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A Lucid Air electric vehicle in Scottsdale, Arizona, on Sept. 27, 2021.HYUNJOO JIN/Reuters

Lucid Group Inc., a Silicon Valley upstart, made waves last year in the increasingly crowded electric vehicle market by delivering a luxury sedan that one-ups Tesla.

The Lucid Air, the brand’s first car, is a luxury sedan with up to 837 kilometres of range and a dual-motor drivetrain, developed in-house, that can churn out a supercar-crushing 1,200 horsepower. In those two key measures, at least, the Lucid beats Tesla’s venerable Model S, not to mention every EV from every long-running car company. Such performance comes at an eye-watering price of $327,500, but even the entry-level $121,500 Air sedan has 480 horsepower and 660 kilometres of range.

Review: I’ve never driven a car like the Lucid Air

As Lucid’s senior vice-president of design and brand, Derek Jenkins was, among other things, responsible for the Air’s slippery aerodynamic shape, which helps it achieve those impressive performance figures.

The key, Jenkins says over a video call from Lucid’s Silicon Valley headquarters, was to focus on efficiency.

“If I can make the vehicle go farther on a kilowatt of power, then we can start to take out some of the batteries and then we can reduce the weight,” Jenkins says.

Indeed, of all the 2023 EVs rated by Natural Resources Canada, the Lucid Air is the most efficient, using the electrical equivalent of just 1.7 litres of fuel per 100 kilometres. The Tesla Model S is rated at 2.0, while some high-performance Mercedes and BMW models are in the 3.0 range, and the Rivian R1T pickup averages 3.4.

“Our motors, you can put it in a carry-on bag. It’s 650 horsepower that I can hold in my hands – that’s the motor, transmission and the inverter,” Jenkins says. The company’s propriety design is compact and efficient, as MotorTrend magazine explained. Lucid recently revealed that its motors will be used in the race cars of this year’s Formula E, the world’s premier EV racing series.

Efficiency isn’t something many people likely think about when choosing an EV, Jenkins says, but it – along with good design and fast recharging speeds – will become more important as differentiators, he predicts.

Greater efficiency, he explains, enables smaller batteries, lower weights, less material, better handling and ultimately lower prices for consumers – and that’s as true for high-end luxury cars like the Lucid as it is for pickups, SUVs and sports cars.

The shape of the car plays a key role in achieving the utmost energy efficiency. The Air’s extremely low 0.197 drag coefficient makes it slip through the air with less resistance, making better use of its battery power than either the Tesla Model S or Mercedes-EQS sedan. Conversely, the tall, blunt face of the Rivian R1T pickup has a 3.0 drag coefficient, contributing to its less efficient performance.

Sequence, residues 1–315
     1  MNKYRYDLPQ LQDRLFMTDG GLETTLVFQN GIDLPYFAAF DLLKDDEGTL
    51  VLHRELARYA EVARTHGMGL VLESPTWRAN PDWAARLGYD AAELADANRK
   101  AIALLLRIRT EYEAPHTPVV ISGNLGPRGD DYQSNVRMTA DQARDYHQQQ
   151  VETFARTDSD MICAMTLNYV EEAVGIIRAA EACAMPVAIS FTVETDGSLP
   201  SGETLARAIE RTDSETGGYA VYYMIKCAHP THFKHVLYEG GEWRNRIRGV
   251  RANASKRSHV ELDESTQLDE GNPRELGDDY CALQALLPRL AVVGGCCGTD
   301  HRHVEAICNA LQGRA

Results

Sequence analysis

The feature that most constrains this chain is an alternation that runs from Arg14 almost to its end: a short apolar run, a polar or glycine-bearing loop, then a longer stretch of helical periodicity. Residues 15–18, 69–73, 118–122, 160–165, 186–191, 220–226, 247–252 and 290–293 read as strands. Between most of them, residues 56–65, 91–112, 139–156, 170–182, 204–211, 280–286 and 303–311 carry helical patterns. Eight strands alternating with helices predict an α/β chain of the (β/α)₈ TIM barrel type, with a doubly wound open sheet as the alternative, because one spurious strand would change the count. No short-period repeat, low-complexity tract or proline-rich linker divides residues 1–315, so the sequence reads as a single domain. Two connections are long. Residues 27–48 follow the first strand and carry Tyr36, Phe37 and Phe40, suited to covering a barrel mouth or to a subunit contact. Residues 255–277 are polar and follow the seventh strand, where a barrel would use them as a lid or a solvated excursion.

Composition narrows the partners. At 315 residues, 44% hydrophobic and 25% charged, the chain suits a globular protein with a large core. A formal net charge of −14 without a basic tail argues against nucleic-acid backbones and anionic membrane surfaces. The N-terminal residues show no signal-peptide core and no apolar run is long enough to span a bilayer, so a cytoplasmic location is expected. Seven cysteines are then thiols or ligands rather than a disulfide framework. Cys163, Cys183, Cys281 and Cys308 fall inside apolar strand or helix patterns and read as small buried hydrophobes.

Jenkins sees plenty of room for improvement where EV design is concerned.

“We’re still designing the front of cars like they need massive amounts of air, and it’s the opposite. [EVs] should be like a jet, clean and fast,” he says. Unlike EVs, gas-burning cars use gaping grilles to suck in air that cools and feeds the engine.

“I see this first wave of mainstream electric cars and I feel like it’s the same old stuff just with electric drivetrains. There’s an opportunity to be bolder than that,” he says. “Why should it look like a gasoline car? That doesn’t make any sense. In my book, by definition, that’s bad design. I equate it to the early days when we got rid of the horses, but the cars still looked like buggies for a long time. How long are we going to keep mimicking a gas-engined car until we really break through?”

Lucid Motors is a relative newcomer to the EV market and offers several versions of its sedan with up to 1,111 horsepower on tap. James Engelsman and Thomas Holland from Throttle House test an Air Dream Edition Performance and find an EV with the speed, handling, range and design to battle other electrics, with a hefty price tag to match.

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In the near term, the next 10 years or so, Jenkins sees EV designs converging somewhat. The need to accommodate compact electric motors and underfloor battery packs – combined with the desire for aerodynamic efficiency – is leading to more rounded, cab-forward, capsule-shaped vehicles. For examples, look at the Hyundai Ioniq 6, Mercedes EQE and EQS sedans and SUVs, the Jaguar I-Pace, Tesla Model Y, Kia EV6, Volkswagen ID.4 and, yes, the Lucid Air.

There’ll be more opportunity for experimentation down the road, Jenkins says. “Over time, as electrification and the infrastructure becomes more mainstream, that’ll open up the desire and freedom for, let’s say, more alternative layouts,” he predicts.

Following the Air sedan, Lucid will produce an SUV, dubbed Gravity, which is slated for 2024. Next up is a third, less-expensive model, which Jenkins described as, “probably a little bit more youthful, and a little bit more sporty than the Lucid Air and Gravity.” He said customers should expect to see that car around the middle of the decade.

Lucid Motors produced only 7,180 cars last year, which was in line with its most recent target, but a far cry from the 20,000 units originally planned for 2022. The company cited supply-chain disruptions and logistical issues as reasons for the revised production outlook. This year, the company aims to produce 10,000 to 14,000 cars, which will make the Air a (slightly) less rare sight on our roads.